In 1864, Allan Pinkerton bought 254 acres of raw prairie land, 80 miles south of Chicago, near Onarga, Illinois. Some of the railroad land was sold off so that by 1870 about 210 acres remained. It was basically a square of land with a large, commodious, one-story dwelling, often called the Villa. The entire farm was enclosed with close-trimmed hedge of orange trees and inside this hedge seven rows of larch trees, set four feet apart.
The larch trees grow in Scotland, so Pinkerton ordered 85,000 trees be shipped to America. They arrived at the harbor in New York City in sub-freezing weather and the agent responsible for receiving them stopped in a local pub to warm himself with liquor and never made it back to the ship. The trees froze and were ruined. The agent was fired and Pinkerton ordered another 85,000 larch trees from Scotland.
In addition to the Larch trees over 1,000 evergreens were planted. Along the main roads leading to the house, rows of maple trees were planted giving a great deal of color to the farm. Four acres surrounding the house became the lawn. Walks of graceful curves with beds of coal cinders bordered with blooming flowers. There were many flower beds which contained marble and terracotta vases filled with flowers and rare plants.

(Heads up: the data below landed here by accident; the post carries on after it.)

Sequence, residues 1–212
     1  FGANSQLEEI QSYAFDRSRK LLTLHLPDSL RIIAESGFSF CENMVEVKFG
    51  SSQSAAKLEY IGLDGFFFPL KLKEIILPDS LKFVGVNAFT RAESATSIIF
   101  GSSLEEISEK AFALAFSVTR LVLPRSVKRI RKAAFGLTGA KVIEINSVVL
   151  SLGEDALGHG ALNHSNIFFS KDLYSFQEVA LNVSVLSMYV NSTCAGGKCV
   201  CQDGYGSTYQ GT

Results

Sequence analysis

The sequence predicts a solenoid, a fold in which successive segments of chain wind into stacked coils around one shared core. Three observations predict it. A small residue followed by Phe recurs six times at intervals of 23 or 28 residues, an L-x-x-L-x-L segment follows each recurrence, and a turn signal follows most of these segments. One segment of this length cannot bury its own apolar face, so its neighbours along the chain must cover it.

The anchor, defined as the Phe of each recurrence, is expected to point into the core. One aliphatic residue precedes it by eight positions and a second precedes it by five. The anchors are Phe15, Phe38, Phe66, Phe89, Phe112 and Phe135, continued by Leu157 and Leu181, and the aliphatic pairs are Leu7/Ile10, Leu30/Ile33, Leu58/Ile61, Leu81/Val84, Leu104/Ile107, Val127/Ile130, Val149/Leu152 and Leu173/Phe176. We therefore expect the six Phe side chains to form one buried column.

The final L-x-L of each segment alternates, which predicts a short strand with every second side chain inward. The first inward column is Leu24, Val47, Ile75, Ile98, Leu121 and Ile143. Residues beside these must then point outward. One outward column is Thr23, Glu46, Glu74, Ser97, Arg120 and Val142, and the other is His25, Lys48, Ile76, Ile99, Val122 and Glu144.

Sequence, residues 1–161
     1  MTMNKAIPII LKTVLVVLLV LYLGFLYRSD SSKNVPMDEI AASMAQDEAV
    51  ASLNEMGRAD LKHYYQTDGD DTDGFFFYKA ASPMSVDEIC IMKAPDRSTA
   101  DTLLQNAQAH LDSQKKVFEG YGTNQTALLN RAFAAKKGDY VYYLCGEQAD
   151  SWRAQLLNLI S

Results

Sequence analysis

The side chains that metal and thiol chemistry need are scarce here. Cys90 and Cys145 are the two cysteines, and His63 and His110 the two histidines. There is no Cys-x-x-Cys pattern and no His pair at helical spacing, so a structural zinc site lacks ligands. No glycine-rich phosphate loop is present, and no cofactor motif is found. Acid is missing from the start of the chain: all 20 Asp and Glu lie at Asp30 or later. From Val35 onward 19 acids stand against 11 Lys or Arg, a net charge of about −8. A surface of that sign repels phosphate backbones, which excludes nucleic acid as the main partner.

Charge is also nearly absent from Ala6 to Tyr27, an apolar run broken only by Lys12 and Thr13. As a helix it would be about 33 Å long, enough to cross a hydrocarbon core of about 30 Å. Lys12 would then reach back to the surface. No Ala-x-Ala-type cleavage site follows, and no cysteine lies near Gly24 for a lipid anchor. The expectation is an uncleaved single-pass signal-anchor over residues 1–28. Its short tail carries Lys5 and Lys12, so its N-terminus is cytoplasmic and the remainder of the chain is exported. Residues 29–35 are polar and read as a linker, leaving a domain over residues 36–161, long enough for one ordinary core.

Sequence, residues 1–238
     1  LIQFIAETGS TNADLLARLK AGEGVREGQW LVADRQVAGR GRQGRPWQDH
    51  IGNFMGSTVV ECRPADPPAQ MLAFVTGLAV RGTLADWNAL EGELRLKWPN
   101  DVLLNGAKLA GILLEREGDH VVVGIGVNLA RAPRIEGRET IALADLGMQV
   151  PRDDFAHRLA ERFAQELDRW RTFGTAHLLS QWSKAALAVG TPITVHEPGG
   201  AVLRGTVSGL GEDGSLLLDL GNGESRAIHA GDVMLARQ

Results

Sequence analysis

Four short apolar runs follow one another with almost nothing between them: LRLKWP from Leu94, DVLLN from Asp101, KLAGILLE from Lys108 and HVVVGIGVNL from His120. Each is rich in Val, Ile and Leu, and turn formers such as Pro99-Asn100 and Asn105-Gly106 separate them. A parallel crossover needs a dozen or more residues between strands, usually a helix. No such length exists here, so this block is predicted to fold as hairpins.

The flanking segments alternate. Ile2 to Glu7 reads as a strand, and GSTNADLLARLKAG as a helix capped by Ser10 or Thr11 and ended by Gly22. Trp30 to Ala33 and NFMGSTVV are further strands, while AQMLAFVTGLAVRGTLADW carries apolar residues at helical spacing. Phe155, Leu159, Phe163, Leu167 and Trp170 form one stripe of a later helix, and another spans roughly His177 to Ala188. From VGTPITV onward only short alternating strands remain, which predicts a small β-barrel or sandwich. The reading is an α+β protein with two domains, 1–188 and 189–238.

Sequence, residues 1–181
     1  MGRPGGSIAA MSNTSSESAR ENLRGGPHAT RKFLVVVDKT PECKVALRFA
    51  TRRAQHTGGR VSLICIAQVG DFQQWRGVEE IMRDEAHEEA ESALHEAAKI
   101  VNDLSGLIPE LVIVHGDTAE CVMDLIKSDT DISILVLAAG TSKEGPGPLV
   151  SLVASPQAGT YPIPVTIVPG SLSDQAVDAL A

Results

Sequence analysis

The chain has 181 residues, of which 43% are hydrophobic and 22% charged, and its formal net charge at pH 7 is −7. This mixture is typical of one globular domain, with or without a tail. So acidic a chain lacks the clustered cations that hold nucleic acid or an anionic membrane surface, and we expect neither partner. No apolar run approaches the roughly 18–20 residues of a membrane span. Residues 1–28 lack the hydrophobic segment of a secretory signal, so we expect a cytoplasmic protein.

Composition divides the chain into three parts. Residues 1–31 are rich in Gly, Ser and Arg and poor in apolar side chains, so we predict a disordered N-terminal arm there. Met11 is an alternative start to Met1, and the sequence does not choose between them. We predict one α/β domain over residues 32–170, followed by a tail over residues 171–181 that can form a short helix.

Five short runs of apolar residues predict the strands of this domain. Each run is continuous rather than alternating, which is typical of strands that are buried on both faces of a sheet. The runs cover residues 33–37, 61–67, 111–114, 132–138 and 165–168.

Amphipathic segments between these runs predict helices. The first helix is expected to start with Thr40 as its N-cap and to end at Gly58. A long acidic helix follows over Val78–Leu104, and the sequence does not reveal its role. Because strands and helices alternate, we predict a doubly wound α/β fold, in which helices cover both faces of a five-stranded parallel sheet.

Two greenhouses contained over 2,000 plants each of unlimited variety. The barns, stables, corn cribs and the ice-house were beautiful and useful buildings. Everything was watered by a 130 foot well using the latest in windmill technology. There was also a small lake not far from the house. In addition to all the trees and plants, Mr. Pinkerton had 2,000 apple trees planted along with pear, quince and cherry trees. "The fruit and vegetable gardens contained almost every known variety, and received the careful attention of experienced gardeners." There was also a large strawberry bed and a fish pond. The fields were limited to corn and oats and a labor force of ten men was employed year round with double that number in the spring and summer.
There were three entrances to the property, each with its own guard house and attendants always dressed in blue uniforms. "You are welcome to drive through, they'd tell you, but you must walk your horses. Mr. Pinkerton doesn't like to have dust stirred up on his flowers. If anyone drove his carriage too fast, the attendant would blow his whistle and order that person off the grounds." There was also a $5.00 fine.
Pinkerton loved dogs, especially the Scotch terriers, and there was a dog cemetery and a headstone for each dog. It was reported that he often took his rocking-chair and in the evenings would sit by the cemetery. In addition to dogs, there were Shetland ponies and Indian ponies. Dandy was a coal black stallion who is said to have been the "most beautiful and perfect Shetland" ever seen.
It was a beautiful farm unlike anything in Iroquois county and perhaps the entire country. There is so much more to talk about, especially the house and the snuggery. We will do that tomorrow. My family visited Onarga and Larch Farm a couple of years ago and I would like to tell about that later.
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